The majority (60-80%) of CMMS implementations fail for the same reason that the majority of ERP systems and IWMS systems fail… the lack of due consideration of robust, lead, processes and procedures. Quite simply, technology is used to automate existing processes vs. implement more efficient, transparent, collaborative, and accurate policies and procedures.
For example, virtually none of the major (or even minor) CMMS or IWMS technology vendors incorporate a standardized cost database, such as RSMeans, from which users could compare their actual material, equipment, and labor costs against a localized reference standard. “Just plain stupid”, right?
What good is a CMMS system into which an Owner inputs their own experiences without comparison to industry averages, best-practices, or any third party metrics? What can these Owners possible be benchmarking against? How can goals, objectives, targets be established?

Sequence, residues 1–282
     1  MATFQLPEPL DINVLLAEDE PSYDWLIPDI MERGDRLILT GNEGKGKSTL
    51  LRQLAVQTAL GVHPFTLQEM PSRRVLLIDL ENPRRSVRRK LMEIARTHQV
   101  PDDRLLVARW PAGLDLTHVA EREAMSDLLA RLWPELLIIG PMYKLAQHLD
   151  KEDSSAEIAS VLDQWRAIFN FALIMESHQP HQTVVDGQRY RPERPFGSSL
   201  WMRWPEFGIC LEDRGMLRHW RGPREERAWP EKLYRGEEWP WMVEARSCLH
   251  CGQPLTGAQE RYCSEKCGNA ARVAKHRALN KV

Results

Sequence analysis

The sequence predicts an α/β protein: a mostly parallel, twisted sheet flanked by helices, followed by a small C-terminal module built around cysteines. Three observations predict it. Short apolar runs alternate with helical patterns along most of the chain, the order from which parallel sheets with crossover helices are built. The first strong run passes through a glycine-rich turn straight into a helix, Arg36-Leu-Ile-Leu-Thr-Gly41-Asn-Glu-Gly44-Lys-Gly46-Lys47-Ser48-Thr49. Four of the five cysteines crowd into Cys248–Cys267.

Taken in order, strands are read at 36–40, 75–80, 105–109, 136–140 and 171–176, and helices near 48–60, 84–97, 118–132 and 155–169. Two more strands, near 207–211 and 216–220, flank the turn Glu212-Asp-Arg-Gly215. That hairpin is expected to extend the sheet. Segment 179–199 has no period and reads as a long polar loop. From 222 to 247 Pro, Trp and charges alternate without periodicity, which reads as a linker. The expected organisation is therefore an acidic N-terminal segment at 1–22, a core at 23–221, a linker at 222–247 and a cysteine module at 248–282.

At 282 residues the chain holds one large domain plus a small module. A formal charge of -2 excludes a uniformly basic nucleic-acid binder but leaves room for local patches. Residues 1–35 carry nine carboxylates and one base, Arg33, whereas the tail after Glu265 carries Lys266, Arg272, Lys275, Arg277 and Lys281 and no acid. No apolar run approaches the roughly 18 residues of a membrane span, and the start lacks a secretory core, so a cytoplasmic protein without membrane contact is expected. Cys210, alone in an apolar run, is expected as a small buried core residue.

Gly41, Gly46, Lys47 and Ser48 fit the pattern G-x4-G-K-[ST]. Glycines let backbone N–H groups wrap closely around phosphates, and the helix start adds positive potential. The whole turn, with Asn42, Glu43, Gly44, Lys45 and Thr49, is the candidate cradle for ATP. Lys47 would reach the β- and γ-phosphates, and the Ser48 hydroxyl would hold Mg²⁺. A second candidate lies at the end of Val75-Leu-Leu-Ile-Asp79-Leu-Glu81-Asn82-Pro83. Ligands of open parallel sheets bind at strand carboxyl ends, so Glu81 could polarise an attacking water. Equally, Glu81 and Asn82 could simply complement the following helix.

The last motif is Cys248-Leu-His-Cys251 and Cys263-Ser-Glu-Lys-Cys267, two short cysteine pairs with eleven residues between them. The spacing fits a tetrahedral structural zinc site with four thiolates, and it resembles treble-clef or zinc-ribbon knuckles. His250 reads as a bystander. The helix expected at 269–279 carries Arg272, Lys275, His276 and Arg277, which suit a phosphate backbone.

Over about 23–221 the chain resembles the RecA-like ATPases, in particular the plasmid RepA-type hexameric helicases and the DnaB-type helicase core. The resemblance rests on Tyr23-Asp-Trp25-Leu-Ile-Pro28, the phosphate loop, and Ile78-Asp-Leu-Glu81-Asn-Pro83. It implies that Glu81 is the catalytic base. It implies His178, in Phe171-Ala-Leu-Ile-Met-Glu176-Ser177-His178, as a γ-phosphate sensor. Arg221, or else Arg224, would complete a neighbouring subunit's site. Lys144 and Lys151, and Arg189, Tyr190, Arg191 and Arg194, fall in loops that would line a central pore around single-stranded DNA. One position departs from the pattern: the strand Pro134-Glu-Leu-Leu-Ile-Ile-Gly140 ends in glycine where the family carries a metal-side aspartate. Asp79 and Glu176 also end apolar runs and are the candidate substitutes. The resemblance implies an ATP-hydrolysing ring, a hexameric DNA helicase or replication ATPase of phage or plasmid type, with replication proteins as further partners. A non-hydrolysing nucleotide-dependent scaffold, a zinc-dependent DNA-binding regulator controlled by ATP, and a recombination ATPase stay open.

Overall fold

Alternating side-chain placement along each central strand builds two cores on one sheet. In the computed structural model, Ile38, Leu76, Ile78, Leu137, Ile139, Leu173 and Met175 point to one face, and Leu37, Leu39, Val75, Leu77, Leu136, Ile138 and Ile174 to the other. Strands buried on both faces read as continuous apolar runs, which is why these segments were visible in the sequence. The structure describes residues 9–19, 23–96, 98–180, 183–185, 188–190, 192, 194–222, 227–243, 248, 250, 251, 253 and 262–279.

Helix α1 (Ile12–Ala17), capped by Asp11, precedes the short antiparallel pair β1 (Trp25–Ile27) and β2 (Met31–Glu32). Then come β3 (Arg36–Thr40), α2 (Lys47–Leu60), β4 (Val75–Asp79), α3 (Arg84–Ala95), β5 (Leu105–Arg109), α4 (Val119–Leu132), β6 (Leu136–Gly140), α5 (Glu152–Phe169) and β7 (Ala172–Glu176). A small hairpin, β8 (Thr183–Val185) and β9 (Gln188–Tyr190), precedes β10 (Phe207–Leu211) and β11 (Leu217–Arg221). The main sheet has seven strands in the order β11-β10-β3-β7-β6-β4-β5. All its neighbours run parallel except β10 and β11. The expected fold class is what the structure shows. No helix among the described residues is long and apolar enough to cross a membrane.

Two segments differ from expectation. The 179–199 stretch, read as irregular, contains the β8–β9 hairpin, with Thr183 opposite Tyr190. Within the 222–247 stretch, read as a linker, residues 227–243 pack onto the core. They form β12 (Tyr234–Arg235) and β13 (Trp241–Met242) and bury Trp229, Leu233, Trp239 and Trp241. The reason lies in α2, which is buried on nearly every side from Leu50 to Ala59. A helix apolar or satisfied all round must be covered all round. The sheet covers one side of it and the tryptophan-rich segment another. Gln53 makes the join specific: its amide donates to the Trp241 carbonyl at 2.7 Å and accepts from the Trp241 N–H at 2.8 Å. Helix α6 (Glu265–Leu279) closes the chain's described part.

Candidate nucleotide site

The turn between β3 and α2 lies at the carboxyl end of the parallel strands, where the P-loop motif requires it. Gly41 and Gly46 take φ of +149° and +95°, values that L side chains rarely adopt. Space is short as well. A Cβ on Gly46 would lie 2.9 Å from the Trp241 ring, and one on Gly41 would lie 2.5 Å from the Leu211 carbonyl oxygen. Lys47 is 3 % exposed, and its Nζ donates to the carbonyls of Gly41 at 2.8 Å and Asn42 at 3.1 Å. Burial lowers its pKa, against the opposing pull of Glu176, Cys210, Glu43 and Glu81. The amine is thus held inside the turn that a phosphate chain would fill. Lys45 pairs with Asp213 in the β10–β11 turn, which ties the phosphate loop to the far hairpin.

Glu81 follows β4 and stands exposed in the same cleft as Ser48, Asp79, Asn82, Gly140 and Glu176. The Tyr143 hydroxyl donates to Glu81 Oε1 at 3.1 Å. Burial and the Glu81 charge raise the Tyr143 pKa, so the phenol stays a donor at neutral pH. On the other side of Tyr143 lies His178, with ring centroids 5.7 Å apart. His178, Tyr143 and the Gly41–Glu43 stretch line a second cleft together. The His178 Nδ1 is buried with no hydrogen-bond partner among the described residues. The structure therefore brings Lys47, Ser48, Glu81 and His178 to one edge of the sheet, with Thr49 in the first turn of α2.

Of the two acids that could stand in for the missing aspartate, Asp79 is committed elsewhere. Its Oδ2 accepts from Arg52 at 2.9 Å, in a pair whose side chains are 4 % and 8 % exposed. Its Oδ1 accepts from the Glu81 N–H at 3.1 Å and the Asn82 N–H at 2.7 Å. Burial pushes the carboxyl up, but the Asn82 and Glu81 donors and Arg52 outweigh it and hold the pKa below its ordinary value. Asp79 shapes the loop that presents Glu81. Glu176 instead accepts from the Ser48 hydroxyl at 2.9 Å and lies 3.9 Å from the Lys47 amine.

1. How many Owners understand the difference between CMMS (Computerized Maintenance Management Systems) and CPMS (Capital Planning and Management Systems) and the absolute requirement for BOTH relative to efficiently managing larger facility portfolios?
2. How many Owners continue to be reactive in their capital allocation, even with a CMMS…aka spending 60%+ of their budgets on emergency or unplanned maintenance vs. planned, preventive and/or predictive maintenance?
3. How many Owners still wallow in design-bid-build and change-orders, legal disputes, and poor quality vs. collaborative efficient methods such as Job Order Contracting and Integrated Project Delivery?
The sad part is, there is a lot of information out there on efficient life-cycle management of the built environment supported by digital technology. Why are many facility management executives still supporting unsustainable business practices? That’s the hard question.